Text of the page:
To find out which fraction is larger, we will have to compare the answer obtained earlier with another result. For our example (3/5 and 2/3), let's multiply 2 x 5.
Step 5. Write this answer next to the second fraction
In this example, the answer is 10.
Step 6. Compare the values of the two products of cross multiplication
The answers to the multiplication problems in this method are called 'cross products'. If one cross product is larger than the other, then the fraction next to that result is also larger than the other fraction. In our example, because 10 is greater than 9, 2/3 must be greater than 3/5.
Don't forget to write the cross product next to the fraction whose numerator you used
Step 7. Do you know why this works?
To compare two fractions, you usually need to transform them to give them the same denominator. And that's exactly what cross-multiplication does! That way you just need to compare the two numerators. Here's our same example (3/5 versus 2/3), written without the "trick" of cross multiplication:
- 9/15 is less than 10/15
- So 3/5 is less than 2/3.
Method 3 of 3: Ordering fractions greater than one
Step 1. This method is useful fractions with a numerator equal to or greater than the denominator
8/3 is an example of this type of fraction. You can also use this feature for fractions with the same numerator and denominator, such as 9/9. Both are examples of improper fractions.
You can still use other methods for these fractions. But this one in particular can help you get to the solution faster
Step 2. Convert each improper fraction into a mixed number
Turn them into a mix of whole numbers and fractions. Sometimes you might be able to do this in your head. For example, 9/9 = 1. At other times, it is better to use long division to find out how many times the denominator fits into the numerator. What is left of this division is "left over" as a fraction. For example:
- 8/3 = 2 + 2/3
- 9/9 = 1
- 19/4 = 4 + 3/4
- 13/6 = 2 + 1/6
Step 3. Work with whole numbers only
Now that there are no improper fractions, you will have a better idea of the value of each one. Ignore fractions for now and sort fractions into groups like whole numbers:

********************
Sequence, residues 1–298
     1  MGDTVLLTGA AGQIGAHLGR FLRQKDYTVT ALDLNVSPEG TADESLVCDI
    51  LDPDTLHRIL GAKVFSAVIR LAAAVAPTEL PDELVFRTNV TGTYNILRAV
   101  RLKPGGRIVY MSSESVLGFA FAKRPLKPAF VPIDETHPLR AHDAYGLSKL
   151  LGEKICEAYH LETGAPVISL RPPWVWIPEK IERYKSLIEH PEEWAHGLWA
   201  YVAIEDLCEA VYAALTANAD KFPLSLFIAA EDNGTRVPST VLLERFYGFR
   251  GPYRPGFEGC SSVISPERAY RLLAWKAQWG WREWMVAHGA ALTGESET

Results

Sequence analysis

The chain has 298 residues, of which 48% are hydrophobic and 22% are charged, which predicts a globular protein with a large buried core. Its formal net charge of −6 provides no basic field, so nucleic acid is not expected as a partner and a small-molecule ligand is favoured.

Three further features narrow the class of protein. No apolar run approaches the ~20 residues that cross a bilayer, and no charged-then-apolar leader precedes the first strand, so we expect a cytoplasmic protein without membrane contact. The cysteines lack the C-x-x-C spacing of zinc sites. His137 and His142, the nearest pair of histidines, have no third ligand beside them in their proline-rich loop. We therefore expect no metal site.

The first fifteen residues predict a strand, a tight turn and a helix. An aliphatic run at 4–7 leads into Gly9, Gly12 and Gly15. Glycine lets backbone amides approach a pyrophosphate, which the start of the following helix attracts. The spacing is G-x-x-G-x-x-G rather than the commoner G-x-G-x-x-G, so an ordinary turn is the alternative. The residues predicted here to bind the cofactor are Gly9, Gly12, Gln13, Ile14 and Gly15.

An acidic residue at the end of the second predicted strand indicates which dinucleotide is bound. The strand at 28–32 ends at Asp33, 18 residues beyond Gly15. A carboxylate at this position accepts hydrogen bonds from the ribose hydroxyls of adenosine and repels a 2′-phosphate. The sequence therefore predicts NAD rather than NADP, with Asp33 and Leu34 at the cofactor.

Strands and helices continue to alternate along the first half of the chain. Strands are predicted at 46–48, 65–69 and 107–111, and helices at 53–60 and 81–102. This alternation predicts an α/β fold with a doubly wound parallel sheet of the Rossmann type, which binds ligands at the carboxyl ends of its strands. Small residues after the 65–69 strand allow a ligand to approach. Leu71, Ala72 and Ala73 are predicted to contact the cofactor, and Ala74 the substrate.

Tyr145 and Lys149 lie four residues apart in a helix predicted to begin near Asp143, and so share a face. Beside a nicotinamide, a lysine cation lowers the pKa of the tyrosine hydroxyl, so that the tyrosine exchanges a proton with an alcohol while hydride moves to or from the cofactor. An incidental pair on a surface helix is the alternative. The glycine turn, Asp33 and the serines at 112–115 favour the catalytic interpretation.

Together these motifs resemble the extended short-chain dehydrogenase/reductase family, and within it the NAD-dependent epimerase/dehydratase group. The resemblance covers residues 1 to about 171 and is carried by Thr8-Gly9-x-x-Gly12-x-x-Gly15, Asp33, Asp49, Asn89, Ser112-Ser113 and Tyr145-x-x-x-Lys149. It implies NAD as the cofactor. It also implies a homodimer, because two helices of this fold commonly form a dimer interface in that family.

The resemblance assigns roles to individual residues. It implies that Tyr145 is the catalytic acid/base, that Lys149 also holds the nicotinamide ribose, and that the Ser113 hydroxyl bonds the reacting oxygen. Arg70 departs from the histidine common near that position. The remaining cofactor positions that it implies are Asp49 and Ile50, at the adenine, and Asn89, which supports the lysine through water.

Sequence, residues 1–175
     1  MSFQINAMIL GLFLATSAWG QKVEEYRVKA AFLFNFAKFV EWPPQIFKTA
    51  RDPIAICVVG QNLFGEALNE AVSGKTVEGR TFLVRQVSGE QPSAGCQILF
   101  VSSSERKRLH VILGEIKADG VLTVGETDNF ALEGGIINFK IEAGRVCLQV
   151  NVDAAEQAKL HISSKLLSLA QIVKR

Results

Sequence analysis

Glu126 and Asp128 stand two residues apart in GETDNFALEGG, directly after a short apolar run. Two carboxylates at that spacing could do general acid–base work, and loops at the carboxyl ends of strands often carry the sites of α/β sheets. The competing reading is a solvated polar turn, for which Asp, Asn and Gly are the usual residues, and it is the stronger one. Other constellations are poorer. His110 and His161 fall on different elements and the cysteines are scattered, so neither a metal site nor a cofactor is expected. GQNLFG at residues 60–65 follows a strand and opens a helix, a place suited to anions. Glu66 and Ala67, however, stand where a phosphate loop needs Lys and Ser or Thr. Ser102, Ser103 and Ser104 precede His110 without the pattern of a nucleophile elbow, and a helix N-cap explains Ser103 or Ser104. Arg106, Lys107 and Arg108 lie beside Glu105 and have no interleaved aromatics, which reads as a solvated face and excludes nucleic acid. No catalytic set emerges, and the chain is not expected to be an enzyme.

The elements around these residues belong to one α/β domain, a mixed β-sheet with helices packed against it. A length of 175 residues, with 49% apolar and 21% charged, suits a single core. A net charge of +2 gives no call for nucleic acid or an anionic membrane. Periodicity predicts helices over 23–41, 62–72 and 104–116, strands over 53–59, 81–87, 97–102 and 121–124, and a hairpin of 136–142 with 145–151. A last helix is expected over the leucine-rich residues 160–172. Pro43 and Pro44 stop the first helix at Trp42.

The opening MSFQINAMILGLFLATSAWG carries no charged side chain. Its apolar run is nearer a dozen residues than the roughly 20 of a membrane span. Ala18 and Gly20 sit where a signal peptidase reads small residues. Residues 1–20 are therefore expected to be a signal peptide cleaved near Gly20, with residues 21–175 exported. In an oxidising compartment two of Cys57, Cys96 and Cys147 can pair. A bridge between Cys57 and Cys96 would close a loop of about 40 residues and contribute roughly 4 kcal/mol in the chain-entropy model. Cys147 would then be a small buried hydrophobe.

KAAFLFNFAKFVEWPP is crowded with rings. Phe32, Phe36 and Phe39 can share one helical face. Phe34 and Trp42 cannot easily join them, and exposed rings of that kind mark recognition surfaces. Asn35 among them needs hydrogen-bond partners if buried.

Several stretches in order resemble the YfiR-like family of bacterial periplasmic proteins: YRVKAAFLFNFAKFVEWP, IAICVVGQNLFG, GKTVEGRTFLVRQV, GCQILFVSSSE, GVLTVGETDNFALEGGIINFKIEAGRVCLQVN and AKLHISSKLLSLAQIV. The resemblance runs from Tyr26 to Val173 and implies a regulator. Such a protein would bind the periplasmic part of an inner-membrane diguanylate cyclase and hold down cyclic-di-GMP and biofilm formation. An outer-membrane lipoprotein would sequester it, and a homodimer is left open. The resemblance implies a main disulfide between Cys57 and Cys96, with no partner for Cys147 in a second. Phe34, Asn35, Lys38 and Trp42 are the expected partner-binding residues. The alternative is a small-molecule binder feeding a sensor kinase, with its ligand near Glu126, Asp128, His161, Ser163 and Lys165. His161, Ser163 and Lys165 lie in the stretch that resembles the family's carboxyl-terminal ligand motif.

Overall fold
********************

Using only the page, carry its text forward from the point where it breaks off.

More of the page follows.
- 1 is the smallest
- 2 + 2/3 and 2 + 1/6 (we still don't know which is the biggest)
- 4 + 3/4 is the biggest of them all
Step 4. If necessary, compare the fractions from each group
If you have several mixed numbers with the same whole number, such as 2 + 2/3 and 2 + 1/6, compare the fraction part of the number to see which is larger. You can use any of the methods shown above to do this. Here is an example of comparing 2 + 2/3 and 2 + 1/6, converting fractions to the same denominator:
- 2/3 = (2x2)/(3x2) = 4/6
- 1/6 = 1/6
- 4/6 is greater than 1/6.
- 2 + 4/6 is greater than 2 + 1/6.
- 2 + 2/3 is greater than 2 + 1/6.
Step 5. Use the results to sort the entire list of mixed numbers
Once you have solved the fractions in each group of mixed numbers, you can sort your entire list: 1, 2 + 1/6, 2 + 2/3, 4 + 3/4.
Step 6. Convert the mixed numbers back to the original fractions
Keep the same order but undo the changes you made and write the numbers as the original improper fractions: 9/9, 8/3, 13/6, 19/4.
- When sorting a large number of fractions, it can be helpful to compare and sort into smaller groups of 2, 3, or 4 fractions at a time.
- Finding the lowest common denominator is helpful so you can work with smaller numbers, as any common denominator will work. Try sorting 2/3, 5/6 and 1/3 using a common denominator of 36, and see if you can get the same result.
- If the numerators are all the same, you can sort them in descending order of denominator. For example, 1/8 < 1/7 < 1/6 < 1/5. Think of it like a pizza: if you were to compare ½ to 1/8, you're comparing a pizza cut into 8 slices instead of 2.